CAR T for Primary Mediastinal B-Cell Lymphoma

CAR T gene therapy, also called CAR T-cell therapy, is a type of immunotherapy. It uses your own immune system -- the germ-fighting system of your body -- to attack specific cancer cells.

Doctors call it a “living drug,” because it’s a treatment made with modified working cells in your body instead of man-made compounds. The FDA approved it for use on primary mediastinal B-cell lymphoma in the fall of 2017.

CAR stands for "chimeric antigen receptor." Scientists make it in a lab and add it to immune cells called T cells. It makes them able to “see” your lymphoma cells and attach to them, like a key fitting into a lock. Once these CAR T cells latch on to the cancer cells, they can destroy them.

How You Get It

From beginning to end, CAR T-cell therapy can take several weeks. In order to add CAR to your T cells, your doctor will first remove the T cells from your blood. To do this, you’ll be hooked up to two IVs -- one to take blood out of your body, and one to put it back into your body after a machine separates out your white blood cells. While that happens, you’ll lie down on a bed or recline in a chair. A session takes 2 to 3 hours, and you’ll need to be still.

Lab workers separate the T cells from your white blood cells after they’re out of your body, and then add the receptors to them. Then, they multiply the altered cells for about a week, freeze them, and send them back to the place you’ll get your treatments.

Before a doctor puts the modified cells back into your body, they may have you take a low dose of chemotherapy. This is so you'll have less of the other immune cells in your body, which gives the new T cells a better chance to turn on and work.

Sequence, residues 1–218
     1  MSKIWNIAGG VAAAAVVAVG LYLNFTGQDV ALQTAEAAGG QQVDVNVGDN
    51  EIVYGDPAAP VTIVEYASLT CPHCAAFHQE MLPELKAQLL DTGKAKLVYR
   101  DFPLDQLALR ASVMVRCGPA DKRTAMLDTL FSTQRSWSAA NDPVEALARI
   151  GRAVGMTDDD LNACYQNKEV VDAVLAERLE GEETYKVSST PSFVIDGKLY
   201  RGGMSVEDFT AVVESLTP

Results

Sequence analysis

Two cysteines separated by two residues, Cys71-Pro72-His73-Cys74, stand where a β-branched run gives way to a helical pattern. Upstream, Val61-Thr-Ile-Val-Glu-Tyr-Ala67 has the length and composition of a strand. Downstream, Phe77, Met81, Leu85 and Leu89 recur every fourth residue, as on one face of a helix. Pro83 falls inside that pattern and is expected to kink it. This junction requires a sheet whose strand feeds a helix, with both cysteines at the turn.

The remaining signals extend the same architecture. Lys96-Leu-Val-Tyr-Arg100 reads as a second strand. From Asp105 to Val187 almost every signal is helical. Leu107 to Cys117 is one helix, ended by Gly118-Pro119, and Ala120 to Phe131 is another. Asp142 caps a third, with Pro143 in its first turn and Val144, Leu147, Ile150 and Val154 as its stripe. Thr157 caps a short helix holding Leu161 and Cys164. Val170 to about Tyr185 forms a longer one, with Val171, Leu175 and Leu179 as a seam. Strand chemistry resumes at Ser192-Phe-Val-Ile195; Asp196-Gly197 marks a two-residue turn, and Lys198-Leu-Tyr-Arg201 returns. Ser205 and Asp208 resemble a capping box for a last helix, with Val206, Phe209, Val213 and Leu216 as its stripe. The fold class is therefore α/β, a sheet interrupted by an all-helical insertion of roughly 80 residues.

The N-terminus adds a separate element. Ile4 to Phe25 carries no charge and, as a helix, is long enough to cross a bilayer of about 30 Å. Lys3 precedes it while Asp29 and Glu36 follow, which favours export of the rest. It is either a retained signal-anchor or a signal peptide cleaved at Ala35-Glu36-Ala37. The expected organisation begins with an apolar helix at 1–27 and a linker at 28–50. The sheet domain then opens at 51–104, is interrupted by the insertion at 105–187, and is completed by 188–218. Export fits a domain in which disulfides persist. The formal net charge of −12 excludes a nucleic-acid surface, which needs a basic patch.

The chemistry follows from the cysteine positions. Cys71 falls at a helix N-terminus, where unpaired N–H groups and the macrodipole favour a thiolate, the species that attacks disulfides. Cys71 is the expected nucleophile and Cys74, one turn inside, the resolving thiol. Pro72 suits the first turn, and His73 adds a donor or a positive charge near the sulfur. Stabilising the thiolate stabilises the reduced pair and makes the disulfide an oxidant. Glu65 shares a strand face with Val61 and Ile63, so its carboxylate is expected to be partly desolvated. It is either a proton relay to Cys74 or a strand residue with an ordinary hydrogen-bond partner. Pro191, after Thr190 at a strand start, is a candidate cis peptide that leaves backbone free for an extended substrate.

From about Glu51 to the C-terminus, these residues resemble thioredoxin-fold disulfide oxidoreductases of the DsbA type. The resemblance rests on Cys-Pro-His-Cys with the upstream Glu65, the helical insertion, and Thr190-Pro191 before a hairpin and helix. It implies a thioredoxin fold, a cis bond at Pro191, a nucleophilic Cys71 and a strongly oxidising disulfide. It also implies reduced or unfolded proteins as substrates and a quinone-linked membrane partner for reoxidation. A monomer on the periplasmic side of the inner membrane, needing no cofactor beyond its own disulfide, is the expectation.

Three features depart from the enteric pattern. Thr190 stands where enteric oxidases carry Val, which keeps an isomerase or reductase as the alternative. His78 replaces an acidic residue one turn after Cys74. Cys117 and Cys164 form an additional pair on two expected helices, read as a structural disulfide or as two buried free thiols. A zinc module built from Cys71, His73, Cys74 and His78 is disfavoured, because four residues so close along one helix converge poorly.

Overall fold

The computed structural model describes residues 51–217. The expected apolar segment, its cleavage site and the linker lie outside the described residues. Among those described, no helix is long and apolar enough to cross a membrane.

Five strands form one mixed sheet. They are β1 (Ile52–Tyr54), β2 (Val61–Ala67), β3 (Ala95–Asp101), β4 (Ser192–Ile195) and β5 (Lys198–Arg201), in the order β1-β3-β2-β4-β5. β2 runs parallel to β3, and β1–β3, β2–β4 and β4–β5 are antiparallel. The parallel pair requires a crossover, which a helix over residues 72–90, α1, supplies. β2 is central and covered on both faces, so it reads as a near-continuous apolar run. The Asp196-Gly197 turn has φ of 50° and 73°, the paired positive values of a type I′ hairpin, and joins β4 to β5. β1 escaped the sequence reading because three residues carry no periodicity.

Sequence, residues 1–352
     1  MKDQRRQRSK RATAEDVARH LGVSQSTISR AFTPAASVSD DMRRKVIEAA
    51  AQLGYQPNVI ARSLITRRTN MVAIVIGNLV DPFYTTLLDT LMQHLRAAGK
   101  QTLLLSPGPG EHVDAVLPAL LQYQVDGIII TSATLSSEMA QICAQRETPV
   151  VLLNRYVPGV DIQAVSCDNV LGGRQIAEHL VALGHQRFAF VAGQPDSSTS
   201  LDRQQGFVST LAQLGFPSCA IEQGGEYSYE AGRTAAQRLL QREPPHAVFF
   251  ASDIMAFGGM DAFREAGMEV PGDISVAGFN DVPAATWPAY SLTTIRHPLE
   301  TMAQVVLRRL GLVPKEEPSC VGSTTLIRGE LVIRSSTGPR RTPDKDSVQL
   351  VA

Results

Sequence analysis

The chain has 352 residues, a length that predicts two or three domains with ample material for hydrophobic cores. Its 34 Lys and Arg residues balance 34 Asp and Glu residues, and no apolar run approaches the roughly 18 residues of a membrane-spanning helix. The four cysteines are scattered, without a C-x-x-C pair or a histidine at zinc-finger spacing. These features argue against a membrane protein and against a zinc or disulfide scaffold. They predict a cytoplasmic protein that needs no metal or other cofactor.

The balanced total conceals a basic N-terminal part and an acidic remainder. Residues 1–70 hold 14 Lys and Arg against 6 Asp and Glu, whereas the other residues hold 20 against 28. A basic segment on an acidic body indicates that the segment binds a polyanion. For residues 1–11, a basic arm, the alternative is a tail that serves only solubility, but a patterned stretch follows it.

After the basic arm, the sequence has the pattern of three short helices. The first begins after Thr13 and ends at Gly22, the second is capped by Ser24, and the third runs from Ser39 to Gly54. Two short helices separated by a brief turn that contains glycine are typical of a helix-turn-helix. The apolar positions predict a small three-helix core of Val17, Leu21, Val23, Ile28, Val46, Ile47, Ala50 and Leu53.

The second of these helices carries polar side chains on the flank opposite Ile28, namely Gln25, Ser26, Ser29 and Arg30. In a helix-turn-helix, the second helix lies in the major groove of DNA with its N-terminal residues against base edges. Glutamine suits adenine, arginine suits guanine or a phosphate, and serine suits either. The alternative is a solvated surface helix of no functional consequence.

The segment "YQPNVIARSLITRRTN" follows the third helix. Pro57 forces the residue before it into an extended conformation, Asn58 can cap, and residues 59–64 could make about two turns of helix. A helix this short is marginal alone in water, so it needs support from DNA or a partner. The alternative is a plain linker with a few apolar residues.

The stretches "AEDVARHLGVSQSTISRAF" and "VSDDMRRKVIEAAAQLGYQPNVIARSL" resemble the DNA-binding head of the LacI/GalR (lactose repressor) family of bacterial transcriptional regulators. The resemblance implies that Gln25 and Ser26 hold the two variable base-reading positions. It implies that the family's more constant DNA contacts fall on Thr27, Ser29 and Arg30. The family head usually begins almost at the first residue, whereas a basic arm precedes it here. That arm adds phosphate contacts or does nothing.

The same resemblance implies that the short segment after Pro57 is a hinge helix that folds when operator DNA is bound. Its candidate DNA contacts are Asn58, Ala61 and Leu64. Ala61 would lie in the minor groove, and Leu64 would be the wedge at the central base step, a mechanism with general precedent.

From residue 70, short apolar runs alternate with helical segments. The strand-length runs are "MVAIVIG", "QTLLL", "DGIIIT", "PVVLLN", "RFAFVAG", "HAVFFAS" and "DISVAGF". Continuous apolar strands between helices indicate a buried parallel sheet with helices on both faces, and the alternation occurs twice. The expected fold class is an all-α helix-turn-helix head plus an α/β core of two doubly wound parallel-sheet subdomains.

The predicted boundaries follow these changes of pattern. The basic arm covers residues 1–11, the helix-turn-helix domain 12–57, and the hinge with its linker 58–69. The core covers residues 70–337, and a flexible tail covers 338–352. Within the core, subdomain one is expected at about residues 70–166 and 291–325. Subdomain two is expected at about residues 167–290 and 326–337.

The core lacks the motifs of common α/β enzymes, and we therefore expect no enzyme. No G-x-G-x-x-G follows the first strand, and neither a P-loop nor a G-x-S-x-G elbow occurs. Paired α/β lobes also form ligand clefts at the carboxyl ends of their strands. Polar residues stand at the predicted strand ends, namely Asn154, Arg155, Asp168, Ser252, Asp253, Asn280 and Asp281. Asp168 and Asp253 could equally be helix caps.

You’ll get T-cell treatment through an IV. It’s a one-time process that’s a lot like a blood transfusion. You’ll be admitted to a hospital for it. How long you stay there depends on how you react to the infusion.

Your doctor will likely ask you to stay within 1 to 2 hours driving distance from the center where you get your treatments for about 30 days after your infusion. That's so they can monitor you as you recover.

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Possible Side Effects

During the blood removal process, your calcium levels may drop. That can make you feel numb and tingly, or give you muscle spasms. Your doctor can help treat this side effect by giving you calcium by mouth or through another IV.

After the CAR T cells are working and multiplying inside your body, you may get a condition called cytokine release syndrome (CRS). It can be mild or severe, and can feel like the flu. It may cause:
High fever

  • Dangerously low blood pressure
  • Nausea
  • Rash
  • Fast heartbeat
  • Trouble breathing

It’s possible that CAR T-cell therapy could also affect your brain and cause:

  • Confusion
  • Bad headaches       
  • Seizures

More studies are being done to figure out if CAR T gene therapy can cure primary mediastinal B-cell lymphoma. For some people, CAR T cells may go away once the cancer has been in remission for a long time. Doctors are still studying its long-term treatment effects.

WebMD Medical Reference Reviewed by Laura J. Martin, MD on May 06, 2018

Sources

SOURCES:

National Cancer Institute: “CAR T Cells: Engineering Patients’ Immune Cells to Treat Their Cancers,” “With FDA Approval for Advanced Lymphoma, Second CAR T-Cell Therapy Moves to the Clinic,” “NCI Dictionary of Cancer Terms: Cytokine Release Syndrome.”

Massachusetts General Hospital Cancer Center: “CAR T-cell Therapy for Lymphoma: Yescarta.”

American Cancer Society: “CAR T-Cell Therapies.”

Leukemia & Lymphoma Society: “Chimeric Antigen Receptor (Car) T-Cell Therapy.”

Dana-Farber Cancer Institute: “Frequently Asked Questions About CAR T-Cell Therapy.”

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